Understand, Build and Manage
Your Credit whether you’re buying a home, a car or applying for a credit card – Terms are used and you may not know of its meaning so we put together a list of the most common terms out there.
A B C D E F G H I j k L M N O P Q R S T U V W X Y Z
Total price for an item, including taxes and fees.
Total amount of sales tax on a purchase.
Sales tax rate
Percentage sales tax to be charged on a purchase. Sales tax for buying is charged on the total sales amount. In the case of a lease, sales tax is only due on the amount of the lease and is added to each lease payment.
Accounts that are current or have been paid satisfactorily.
If a consumer has paid all the money the court says he/she owes, the judgment is called "satisfied."
Payment due at a scheduled time. In the case of a home, the monthly principal and interest payment is based on your original mortgage amount, term and interest rate.
Score factors are elements from your credit report that drive your credit score. For example, such elements as your total debt, types of accounts, number of late payments and age of accounts are what determine your credit score. Score factors can have a positive or negative affect on your credit score.
Loan for which some form of acceptable collateral, such as a house, car or deposit has been pledged.
Real or personal property that a borrower pledges as collateral for the term of a loan. Should the borrower fail to repay, the creditor may take ownership of the secured property by following legal procedures.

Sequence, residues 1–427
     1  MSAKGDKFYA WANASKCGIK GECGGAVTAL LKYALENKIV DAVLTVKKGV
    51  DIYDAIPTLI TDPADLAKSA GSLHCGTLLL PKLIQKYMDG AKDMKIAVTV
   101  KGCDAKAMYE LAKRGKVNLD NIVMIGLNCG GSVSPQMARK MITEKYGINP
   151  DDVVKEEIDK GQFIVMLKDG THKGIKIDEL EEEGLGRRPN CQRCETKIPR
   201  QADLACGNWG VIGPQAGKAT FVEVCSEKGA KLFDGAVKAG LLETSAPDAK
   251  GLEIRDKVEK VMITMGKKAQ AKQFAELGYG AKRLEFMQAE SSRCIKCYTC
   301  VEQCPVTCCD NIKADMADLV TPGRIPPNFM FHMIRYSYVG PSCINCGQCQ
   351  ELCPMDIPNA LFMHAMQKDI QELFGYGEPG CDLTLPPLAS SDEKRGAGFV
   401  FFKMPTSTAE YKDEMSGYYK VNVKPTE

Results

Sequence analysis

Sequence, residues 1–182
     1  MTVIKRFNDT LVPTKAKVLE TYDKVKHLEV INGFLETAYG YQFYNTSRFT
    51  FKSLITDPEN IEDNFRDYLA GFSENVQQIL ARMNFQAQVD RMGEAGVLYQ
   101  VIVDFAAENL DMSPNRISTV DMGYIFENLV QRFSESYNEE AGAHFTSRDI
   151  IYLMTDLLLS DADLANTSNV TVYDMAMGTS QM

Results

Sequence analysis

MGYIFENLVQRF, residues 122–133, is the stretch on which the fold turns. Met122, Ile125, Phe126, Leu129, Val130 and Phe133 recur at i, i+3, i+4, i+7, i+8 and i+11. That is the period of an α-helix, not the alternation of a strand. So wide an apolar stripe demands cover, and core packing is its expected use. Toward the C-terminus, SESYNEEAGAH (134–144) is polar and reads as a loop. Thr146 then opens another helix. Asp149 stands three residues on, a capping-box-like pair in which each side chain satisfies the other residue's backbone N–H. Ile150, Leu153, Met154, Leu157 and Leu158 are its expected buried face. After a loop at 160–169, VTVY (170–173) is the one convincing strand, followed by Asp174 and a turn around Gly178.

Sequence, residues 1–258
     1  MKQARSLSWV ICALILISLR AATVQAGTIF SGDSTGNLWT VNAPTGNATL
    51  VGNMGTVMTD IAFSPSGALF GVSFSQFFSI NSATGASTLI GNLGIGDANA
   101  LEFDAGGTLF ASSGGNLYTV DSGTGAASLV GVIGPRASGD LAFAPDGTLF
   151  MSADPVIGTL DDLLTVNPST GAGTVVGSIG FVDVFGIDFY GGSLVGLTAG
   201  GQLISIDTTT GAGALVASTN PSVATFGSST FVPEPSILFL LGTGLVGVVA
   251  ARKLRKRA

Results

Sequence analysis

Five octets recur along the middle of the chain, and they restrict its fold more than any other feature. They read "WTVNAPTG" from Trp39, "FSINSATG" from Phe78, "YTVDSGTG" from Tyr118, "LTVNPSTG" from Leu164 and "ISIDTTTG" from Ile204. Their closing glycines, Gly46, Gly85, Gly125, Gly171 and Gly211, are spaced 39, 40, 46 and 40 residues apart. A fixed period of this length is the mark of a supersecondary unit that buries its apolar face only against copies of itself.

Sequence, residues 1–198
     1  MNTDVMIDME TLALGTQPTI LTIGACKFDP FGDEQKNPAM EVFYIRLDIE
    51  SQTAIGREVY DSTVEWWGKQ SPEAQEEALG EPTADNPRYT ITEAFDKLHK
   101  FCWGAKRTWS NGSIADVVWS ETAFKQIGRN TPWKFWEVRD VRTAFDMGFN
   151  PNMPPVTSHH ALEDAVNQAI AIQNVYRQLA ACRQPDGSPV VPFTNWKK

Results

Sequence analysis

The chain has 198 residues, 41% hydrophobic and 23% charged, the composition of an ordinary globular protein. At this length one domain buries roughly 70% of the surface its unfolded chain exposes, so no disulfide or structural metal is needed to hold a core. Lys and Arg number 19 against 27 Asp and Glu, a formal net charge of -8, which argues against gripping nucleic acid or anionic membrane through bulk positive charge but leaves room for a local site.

A statement that is added to one's credit report when a credit bureau is notified that the consumer may be a victim of fraud. It remains on file for 90 days. A Security Alert suggests that creditors should request proof of identification before granting credit in that person's name. Once a security alert has been added, your report will no longer be available for online viewing. You may still receive your report through the mail.
The creditor's right to take property or a portion of property offered as security (collateral) for a loan.
A lump sum paid by the seller to the buyer's creditor to reduce the cost of the loan to the buyer. This payment is either required by the creditor or volunteered by the seller, usually in a loan to buy real estate. One point equals one percent of the loan amount.
A component of some finance charges, such as the fee for triggering an overdraft checking account into use.
This includes all fees paid to the lender and mortgage broker, and certain other fees paid to third parties for services that the lender requires the borrower to purchase. The remaining settlement costs involve payments to third parties, which lenders do not control and for which they cannot ordinarily provide accurate information until later in the origination process. As the borrower, you should shop around because the lender knows what they are.
State tax withholding
Total amount withheld for state taxes.
A bill summarizing all of the activity on an account within a specified period of time. A credit card statement is the monthly bill from a credit card issuer that describes and summarizes the activity on an account. Most credit card statements include the outstanding balance, purchases, payments, credits, finance charges and other transactions for the month.
The date on which a statement is created, and the date used to calculate finance charges (interest) for the statement period.
Statistical models are used to generate credit scores. Modelers analyze credit reports from millions of consumers to identify the variable that most likely determine future creditworthiness, which is expressed in the form of a credit score.
A device that measures changes in the price of a basket of stocks, and represents the changes using a single figure.
An extra fee for using a service. Surcharges are also referred to as convenience fees and are commonly presented when using ATMs.